You’re also going to need two teaspoons of fresh ginger. Take about half an inch of ginger root and use a spoon to peel it. Then grate it and mix into the saucepan.
Now get ready for some work. You need to mix this in the saucepan until it becomes a shiny ball. You’re doing this so all the sugars caramelize. It takes time and effort. Plan on mixing for 10 -15 minutes. Your arm is going to get super tired. If you have a friend who can help it might be a good idea to take turns mixing.
Remove the saucepan from heat and whisk in the milk and egg mixture until fully incorporated.
Strain the mixture through a fine mesh strainer. Push it through using a spatula or back of a ladle into a bowl. You’ll be left with some ginger fibers and unincorporated yams. Throw this stuff away. In the bowl is super creamy pie filling.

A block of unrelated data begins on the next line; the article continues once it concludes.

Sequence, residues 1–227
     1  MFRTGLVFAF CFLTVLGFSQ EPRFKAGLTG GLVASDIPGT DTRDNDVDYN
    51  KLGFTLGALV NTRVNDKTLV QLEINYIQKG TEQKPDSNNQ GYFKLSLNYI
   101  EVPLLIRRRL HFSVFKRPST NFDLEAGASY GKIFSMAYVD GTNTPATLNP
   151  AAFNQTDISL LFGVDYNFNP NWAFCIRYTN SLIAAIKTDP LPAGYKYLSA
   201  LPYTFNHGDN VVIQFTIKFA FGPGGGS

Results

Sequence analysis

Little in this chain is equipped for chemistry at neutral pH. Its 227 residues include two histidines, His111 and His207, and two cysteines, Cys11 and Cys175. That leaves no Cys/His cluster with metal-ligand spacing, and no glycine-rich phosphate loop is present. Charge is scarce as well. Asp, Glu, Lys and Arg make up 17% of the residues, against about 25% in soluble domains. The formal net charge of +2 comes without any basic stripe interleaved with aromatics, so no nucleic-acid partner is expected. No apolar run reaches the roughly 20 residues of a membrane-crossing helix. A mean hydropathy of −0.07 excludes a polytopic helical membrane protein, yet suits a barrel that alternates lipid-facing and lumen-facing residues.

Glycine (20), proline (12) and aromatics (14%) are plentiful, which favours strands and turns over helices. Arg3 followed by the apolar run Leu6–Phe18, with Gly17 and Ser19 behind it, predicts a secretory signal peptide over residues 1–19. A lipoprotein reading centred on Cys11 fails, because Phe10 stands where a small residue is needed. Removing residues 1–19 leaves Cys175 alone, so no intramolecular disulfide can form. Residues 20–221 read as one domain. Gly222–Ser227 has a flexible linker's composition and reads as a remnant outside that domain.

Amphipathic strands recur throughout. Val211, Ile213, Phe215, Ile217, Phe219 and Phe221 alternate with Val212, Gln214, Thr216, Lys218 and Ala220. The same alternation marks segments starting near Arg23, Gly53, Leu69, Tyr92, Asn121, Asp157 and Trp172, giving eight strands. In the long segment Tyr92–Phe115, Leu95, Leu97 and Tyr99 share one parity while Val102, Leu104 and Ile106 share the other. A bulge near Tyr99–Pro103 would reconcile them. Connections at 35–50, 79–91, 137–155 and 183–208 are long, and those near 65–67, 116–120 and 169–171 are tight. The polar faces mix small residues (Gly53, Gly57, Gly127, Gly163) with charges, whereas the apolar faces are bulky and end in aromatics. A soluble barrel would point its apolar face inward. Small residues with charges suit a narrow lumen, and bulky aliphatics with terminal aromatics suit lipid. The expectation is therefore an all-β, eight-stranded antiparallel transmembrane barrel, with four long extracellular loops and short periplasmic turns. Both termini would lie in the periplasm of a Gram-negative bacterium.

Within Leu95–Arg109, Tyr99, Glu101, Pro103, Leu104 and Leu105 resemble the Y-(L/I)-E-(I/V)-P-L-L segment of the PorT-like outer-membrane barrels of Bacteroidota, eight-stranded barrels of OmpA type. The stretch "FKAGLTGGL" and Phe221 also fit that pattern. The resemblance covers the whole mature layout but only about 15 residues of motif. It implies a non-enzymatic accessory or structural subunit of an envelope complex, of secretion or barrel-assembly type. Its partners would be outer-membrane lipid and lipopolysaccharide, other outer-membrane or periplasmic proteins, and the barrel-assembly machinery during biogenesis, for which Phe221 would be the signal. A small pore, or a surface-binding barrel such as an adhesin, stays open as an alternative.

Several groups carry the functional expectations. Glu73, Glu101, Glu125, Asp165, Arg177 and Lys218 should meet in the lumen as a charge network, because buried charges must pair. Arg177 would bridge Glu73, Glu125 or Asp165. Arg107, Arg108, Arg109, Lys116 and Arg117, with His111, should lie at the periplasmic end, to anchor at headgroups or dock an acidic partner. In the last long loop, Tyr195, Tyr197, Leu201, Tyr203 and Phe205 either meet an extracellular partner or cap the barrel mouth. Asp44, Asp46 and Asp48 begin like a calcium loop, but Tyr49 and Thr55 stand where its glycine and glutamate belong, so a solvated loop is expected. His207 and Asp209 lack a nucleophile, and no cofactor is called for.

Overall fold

Pour the pie filling into the cooling pie crust and return the pie to the oven which is still at 375 degrees.
You’re going to want to cover the edges of the pie crust with foil to keep them from baking further. You can also use something called a pie shield, but foil will work just fine.
Bake for 10 minutes then reduce heat to 325 degrees. Continue to bake 25 – 45 minutes longer until the center of the pie reads 175 degrees with an instant read thermometer.
Now you just have to be patient. Remove the pie from the oven and let cool to room temperature: about 2 -3 hours. Serve with slightly sweetened whipped cream.
Unless you really enjoy cooking, don’t use this recipe. It was absolutely delicious however very expensive and very time consuming to make. Halfway through making this I was longing for the days when Thanksgiving was as simple as ground turkey Sloppy Joes.